The inauguration followed months of agitation from organised labour who expressed concerns over the FG’s failure to inaugurate the committee as promised during negotiations last October.

From the government’s side, members include the Minister of State for Labour and Employment, Nkeiruka Onyejeocha, representing the Minister of Labour and Employment; Minister of Finance and Coordinating Minister of the Economy, Wale Edun, who was represented by the ministry’s Permanent Secretary, Lydia Jafiya; the Minister of Budget Economic Planning, Atiku Bagudu; Head of the Civil Service of the Federation, Dr Yemi Esan; and Permanent Secretary, GSO/OSGF, Dr Nnamdi Mbaeri, amongst others.

Representing the Nigeria Governors Forum are Mohammed Bago of Niger State, representing the North Central; Senator Bala Mohammed, Governor of Bauchi State- representing the North East; Umar Dikko Radda of Katsina State, representing the North West; Prof Charles Soludo of Anambra State, representing the South East; Senator Ademola Adeleke of Osun State, from South West; and Otu Bassey of Cross River State, representing the South-South.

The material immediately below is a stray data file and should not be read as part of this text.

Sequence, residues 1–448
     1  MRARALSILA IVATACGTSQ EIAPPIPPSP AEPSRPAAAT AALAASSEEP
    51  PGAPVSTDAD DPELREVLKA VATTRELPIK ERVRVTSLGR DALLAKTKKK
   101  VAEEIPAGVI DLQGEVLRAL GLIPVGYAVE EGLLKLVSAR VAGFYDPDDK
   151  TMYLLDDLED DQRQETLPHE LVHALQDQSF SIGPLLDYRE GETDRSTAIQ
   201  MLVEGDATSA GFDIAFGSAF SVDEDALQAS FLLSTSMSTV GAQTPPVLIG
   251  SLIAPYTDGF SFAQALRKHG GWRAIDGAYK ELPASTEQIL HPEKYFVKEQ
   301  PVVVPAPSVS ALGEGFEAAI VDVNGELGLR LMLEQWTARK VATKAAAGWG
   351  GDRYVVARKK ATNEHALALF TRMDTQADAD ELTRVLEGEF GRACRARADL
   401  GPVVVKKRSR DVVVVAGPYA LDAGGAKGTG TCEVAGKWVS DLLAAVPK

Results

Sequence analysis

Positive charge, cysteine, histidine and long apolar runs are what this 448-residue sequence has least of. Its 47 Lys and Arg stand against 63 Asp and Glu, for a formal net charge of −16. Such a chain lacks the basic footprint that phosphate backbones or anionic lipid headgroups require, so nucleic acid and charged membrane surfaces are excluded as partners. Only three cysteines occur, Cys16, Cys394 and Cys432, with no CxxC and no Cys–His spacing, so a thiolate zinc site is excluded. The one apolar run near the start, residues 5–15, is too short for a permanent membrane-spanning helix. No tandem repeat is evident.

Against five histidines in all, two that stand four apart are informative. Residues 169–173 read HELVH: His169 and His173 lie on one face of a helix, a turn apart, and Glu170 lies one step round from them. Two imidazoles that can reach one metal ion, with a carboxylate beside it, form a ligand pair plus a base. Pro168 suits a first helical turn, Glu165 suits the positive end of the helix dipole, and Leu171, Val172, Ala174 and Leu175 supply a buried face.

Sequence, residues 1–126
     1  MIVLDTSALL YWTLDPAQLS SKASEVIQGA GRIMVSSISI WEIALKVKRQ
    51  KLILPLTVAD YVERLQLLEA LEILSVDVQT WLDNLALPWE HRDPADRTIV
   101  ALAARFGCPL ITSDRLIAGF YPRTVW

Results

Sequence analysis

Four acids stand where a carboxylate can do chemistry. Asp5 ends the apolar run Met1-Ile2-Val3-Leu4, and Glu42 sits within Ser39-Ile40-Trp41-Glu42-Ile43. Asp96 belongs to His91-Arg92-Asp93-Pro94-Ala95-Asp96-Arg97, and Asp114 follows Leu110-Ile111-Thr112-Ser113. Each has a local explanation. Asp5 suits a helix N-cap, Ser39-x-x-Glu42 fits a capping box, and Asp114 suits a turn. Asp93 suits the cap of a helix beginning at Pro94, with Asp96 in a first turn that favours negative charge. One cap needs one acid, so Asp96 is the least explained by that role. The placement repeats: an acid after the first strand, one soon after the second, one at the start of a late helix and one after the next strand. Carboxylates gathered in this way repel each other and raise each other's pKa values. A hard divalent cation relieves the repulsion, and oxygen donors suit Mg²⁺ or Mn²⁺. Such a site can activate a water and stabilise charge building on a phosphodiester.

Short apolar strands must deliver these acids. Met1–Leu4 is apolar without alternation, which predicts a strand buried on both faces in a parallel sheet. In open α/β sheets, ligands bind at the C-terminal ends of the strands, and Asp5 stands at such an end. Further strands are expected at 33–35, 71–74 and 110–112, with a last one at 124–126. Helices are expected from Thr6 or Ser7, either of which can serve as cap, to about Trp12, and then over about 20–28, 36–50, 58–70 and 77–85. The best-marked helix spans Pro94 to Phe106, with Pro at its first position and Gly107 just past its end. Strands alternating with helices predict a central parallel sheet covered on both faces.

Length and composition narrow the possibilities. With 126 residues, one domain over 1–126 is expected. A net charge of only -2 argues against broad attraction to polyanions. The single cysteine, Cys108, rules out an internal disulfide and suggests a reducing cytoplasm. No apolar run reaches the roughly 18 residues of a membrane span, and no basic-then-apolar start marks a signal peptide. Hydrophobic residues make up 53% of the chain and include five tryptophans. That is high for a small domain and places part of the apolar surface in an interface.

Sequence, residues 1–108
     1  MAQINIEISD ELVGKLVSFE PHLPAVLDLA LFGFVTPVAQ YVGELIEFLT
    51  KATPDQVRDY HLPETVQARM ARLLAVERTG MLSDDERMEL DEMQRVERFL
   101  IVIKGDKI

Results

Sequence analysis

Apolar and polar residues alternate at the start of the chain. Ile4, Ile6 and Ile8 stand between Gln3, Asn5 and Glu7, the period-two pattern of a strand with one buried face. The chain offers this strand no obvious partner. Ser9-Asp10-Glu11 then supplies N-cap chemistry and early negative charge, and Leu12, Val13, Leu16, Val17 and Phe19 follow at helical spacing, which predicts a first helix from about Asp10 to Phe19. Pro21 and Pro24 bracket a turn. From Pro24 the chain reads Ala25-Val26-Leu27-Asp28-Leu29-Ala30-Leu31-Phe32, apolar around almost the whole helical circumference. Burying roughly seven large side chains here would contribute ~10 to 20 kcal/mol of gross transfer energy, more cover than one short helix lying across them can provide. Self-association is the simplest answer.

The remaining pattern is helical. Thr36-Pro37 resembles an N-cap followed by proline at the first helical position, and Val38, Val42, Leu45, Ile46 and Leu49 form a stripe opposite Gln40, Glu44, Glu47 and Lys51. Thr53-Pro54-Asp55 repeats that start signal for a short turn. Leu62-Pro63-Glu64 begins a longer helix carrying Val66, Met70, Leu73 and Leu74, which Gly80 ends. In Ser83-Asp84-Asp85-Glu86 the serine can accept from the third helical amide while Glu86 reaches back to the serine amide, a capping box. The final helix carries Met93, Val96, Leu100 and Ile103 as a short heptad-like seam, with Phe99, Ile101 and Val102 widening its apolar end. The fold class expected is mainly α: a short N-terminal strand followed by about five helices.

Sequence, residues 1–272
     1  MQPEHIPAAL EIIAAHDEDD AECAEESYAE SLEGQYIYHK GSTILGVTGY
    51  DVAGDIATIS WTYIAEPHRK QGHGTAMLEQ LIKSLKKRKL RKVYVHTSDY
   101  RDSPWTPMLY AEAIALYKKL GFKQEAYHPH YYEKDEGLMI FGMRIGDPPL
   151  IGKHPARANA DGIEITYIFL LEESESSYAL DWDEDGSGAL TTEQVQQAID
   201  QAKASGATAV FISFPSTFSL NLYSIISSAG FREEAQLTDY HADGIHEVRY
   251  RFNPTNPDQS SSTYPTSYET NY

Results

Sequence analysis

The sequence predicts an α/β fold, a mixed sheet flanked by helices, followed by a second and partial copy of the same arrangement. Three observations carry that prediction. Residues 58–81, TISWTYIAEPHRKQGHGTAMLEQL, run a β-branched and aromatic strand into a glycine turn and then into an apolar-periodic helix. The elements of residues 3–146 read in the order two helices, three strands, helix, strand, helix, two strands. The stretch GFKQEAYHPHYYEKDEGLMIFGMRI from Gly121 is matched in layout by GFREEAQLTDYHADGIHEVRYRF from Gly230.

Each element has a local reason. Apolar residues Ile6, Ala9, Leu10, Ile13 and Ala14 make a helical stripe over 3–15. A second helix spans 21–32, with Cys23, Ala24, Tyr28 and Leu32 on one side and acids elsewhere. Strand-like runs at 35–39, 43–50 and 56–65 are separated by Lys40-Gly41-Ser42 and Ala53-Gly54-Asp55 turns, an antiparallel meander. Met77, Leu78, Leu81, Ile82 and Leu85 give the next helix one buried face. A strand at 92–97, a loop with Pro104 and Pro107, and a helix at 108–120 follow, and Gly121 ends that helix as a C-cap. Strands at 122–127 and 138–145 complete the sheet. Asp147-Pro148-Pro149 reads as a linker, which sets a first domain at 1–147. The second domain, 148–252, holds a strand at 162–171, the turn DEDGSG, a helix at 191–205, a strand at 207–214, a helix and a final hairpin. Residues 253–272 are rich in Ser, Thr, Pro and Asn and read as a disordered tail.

From the Nigeria Employers’ Consultative Association are the Director-General of NECA, Adewale-Smatt Oyerinde; Chuma Nwankwo; Thompson Akpabio; as well as members from the Nigeria Association of Chambers of Commerce, Industry, Mines and Agriculture— Michael Olawale-Cole (National President); Ahmed Rabiu (National Vice President), and Chief Humphrey Ngonadi, National Life President.